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Google will face the music over search supremacy

by on07 August 2023

Judge allows the anti-trust case to go ahead

A federal judge said the Department of Justice's landmark case alleging Google's dominance over the online search business is anti-competitive can go ahead.

DC District Court Judge Amit Mehta threw out some of the government's claims but ruled that a trial was still necessary.

Some of the government's claims were dismissed, including those put together by a consortium of state attorneys general that argued the way Google designed its search engine page was unfairly harming competitors like Yelp.

Judge Mehta said the allegations that Google's overall business practices constitute a monopoly that violates the 1890 Sherman Antitrust Act still deserve a trial.

The charges he threw out where only a slight victory for Google’s legal team.  It did narrow the DoJ’s case against the search engine outfit to just the strongest claims. If it wins Google would be a hot mess and be in big trouble.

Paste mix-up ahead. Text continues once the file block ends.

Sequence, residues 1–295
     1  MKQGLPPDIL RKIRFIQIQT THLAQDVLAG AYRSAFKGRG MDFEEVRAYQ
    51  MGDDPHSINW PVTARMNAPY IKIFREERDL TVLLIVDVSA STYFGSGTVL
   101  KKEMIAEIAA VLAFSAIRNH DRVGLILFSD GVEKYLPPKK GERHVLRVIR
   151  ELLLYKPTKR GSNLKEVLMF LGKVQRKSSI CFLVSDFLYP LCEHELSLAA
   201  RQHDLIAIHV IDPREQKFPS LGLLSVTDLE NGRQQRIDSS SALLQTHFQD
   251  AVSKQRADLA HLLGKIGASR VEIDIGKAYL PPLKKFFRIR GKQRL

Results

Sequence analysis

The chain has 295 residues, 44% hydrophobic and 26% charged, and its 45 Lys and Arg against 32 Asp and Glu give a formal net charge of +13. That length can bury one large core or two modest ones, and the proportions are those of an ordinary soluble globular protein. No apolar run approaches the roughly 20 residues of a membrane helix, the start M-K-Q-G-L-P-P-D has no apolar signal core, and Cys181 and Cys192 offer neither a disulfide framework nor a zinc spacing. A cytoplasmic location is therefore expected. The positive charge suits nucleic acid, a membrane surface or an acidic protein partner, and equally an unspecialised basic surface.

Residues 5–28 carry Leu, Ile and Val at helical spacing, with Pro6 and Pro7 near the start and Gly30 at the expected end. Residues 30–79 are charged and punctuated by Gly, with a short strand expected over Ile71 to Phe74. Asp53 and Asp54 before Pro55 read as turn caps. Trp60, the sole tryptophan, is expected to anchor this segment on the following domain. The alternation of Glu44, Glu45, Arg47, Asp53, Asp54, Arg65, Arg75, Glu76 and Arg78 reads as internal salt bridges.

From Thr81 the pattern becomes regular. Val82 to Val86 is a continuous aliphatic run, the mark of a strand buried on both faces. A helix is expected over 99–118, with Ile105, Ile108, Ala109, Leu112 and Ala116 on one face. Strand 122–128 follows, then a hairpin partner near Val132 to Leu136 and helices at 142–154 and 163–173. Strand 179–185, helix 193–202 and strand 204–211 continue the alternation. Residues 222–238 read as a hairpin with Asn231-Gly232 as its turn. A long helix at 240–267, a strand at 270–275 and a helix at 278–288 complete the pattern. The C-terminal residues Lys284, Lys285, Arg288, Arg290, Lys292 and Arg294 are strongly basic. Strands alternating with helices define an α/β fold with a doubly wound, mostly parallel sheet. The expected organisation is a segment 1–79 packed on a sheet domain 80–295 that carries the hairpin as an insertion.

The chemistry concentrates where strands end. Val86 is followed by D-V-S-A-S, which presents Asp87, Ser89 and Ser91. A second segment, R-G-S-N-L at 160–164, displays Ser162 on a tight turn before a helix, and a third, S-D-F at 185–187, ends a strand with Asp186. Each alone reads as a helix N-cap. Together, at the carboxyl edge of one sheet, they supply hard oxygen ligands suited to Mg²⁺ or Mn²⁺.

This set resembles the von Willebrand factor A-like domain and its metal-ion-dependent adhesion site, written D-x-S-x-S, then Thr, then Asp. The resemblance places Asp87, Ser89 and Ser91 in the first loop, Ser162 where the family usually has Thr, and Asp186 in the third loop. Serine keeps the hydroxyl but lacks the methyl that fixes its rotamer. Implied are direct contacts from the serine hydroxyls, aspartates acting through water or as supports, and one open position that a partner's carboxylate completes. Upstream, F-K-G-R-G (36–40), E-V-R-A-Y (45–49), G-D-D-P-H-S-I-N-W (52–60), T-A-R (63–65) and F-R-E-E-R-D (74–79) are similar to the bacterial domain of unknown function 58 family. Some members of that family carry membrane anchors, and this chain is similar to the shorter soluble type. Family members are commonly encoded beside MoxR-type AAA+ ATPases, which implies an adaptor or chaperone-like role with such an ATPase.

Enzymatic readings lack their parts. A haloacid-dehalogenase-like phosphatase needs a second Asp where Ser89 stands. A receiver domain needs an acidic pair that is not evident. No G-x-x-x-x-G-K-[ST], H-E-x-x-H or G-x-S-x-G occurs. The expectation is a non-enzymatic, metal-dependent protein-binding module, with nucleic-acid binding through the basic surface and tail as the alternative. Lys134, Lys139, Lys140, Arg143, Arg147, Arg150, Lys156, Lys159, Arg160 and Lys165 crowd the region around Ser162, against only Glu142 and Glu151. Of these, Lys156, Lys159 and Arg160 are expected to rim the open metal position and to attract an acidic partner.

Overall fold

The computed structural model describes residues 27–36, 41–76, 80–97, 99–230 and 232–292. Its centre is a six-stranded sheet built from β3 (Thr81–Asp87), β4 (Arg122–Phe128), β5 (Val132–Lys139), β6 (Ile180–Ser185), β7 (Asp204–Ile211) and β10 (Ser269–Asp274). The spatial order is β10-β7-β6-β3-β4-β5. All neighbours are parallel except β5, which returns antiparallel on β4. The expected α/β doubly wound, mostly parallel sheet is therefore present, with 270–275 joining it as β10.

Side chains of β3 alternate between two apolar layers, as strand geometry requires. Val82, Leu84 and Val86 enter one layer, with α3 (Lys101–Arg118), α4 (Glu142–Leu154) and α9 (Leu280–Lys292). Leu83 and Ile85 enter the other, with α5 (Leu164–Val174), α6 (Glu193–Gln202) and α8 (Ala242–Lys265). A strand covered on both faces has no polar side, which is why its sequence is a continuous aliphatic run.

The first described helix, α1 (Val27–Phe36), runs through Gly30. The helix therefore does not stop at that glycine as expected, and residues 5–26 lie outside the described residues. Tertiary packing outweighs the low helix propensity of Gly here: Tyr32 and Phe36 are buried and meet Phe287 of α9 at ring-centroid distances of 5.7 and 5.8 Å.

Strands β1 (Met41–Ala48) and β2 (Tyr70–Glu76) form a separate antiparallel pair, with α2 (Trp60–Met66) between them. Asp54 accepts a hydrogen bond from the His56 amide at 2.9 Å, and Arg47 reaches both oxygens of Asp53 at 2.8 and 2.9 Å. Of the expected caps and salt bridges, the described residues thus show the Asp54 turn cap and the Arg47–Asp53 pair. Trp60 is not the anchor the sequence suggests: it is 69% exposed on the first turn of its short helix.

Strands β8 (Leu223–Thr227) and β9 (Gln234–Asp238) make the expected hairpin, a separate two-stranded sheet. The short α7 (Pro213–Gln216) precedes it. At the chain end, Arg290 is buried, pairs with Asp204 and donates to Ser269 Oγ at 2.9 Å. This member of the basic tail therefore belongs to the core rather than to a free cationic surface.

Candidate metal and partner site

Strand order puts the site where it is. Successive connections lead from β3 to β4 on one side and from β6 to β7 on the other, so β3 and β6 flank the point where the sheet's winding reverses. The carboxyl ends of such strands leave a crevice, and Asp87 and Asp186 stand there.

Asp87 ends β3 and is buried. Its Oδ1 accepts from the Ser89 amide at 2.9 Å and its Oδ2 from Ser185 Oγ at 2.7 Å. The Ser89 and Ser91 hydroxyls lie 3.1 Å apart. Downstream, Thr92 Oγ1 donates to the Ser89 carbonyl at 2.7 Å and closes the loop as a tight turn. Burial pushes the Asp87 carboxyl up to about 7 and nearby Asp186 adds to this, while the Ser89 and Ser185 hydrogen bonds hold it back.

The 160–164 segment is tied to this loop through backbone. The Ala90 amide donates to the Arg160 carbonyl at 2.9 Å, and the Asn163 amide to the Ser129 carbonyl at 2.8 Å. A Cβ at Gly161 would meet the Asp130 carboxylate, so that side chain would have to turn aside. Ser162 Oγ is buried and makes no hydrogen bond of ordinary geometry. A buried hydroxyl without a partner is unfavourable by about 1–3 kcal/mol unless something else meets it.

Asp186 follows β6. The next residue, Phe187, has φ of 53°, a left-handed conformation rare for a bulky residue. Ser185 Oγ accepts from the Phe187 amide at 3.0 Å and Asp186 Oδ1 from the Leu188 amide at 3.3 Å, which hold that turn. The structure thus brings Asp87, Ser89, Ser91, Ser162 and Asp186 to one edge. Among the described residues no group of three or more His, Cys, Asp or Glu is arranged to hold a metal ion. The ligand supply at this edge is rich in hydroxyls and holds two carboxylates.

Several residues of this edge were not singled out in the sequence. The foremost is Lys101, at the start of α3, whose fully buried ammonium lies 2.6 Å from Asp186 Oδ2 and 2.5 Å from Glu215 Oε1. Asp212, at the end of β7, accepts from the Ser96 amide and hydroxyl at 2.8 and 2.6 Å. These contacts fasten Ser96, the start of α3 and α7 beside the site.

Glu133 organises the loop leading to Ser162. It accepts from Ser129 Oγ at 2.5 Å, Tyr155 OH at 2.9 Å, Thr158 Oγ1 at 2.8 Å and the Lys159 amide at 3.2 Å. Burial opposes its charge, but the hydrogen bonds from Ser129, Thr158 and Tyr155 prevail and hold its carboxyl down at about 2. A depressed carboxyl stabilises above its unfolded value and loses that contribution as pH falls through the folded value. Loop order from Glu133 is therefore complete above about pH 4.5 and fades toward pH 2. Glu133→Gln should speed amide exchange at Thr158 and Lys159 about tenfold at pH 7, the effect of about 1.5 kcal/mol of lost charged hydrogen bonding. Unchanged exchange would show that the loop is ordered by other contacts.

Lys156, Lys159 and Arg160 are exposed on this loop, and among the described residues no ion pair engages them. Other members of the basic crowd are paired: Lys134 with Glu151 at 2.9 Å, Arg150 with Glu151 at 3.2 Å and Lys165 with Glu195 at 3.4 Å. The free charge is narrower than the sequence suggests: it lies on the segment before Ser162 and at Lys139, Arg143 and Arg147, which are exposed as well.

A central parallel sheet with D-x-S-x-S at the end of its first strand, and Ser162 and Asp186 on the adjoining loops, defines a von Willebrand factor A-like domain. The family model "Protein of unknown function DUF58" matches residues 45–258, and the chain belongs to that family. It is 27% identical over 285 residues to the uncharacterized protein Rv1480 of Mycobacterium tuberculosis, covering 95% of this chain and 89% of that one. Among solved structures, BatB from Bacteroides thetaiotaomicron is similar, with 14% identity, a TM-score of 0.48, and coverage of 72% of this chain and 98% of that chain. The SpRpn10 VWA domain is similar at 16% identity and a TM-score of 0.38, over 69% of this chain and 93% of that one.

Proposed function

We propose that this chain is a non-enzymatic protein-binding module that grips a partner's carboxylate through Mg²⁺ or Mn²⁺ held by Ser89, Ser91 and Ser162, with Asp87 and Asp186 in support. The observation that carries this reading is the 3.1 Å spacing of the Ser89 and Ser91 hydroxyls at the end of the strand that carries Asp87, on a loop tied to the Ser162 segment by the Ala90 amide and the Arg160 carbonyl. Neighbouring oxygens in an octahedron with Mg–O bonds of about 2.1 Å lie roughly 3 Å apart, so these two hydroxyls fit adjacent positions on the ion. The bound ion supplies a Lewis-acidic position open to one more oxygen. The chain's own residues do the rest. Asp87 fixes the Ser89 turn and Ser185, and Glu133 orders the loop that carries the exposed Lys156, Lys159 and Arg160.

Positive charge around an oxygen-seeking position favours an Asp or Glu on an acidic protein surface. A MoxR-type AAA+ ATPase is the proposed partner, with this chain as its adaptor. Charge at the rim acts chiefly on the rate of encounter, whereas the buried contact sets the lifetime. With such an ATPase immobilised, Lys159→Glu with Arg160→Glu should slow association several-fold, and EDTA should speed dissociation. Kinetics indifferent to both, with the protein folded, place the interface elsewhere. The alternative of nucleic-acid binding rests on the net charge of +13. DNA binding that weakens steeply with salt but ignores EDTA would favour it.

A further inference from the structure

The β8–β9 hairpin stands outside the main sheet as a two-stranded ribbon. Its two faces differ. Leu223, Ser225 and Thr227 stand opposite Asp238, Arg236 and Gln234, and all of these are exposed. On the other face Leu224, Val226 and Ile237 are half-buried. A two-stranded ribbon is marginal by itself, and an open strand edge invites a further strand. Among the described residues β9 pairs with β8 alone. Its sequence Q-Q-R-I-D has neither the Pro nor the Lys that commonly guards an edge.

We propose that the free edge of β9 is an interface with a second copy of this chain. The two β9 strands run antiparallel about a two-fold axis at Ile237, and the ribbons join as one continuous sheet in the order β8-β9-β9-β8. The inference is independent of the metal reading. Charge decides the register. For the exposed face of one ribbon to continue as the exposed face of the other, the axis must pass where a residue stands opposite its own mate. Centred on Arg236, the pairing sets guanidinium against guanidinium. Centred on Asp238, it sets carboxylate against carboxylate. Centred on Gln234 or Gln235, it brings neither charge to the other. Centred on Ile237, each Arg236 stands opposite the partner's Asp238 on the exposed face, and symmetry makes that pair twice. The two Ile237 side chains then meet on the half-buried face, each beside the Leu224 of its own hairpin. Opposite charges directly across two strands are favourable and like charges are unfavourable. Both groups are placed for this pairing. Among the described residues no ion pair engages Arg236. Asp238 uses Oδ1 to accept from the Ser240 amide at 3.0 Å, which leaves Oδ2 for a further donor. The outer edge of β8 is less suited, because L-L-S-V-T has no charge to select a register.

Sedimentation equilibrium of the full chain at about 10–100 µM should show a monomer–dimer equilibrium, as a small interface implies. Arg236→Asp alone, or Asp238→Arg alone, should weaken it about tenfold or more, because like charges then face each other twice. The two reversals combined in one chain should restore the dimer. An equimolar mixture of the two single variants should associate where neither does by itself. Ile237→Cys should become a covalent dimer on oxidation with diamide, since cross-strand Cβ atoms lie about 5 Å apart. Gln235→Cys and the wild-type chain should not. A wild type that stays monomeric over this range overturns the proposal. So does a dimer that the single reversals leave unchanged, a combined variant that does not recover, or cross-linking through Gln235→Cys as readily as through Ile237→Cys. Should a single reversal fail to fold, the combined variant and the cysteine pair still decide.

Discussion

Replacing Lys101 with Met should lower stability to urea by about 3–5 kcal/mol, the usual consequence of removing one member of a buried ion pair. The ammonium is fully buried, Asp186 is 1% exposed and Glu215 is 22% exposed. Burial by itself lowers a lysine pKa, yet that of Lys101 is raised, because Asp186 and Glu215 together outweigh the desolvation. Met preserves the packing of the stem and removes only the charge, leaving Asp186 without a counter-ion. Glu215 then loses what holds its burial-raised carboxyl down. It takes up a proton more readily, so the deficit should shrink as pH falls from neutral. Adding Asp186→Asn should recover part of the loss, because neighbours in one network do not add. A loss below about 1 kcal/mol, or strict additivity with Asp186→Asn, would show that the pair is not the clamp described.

The trial will be a significant test for Google and the massive business empire it has assembled over the past two decades. The company is still the dominant portal to the internet, exercising immense power over what people see online. The eventual ruling will also be seen as a test for the U.S. government's more aggressive posture on antitrust.


Last modified on 07 August 2023
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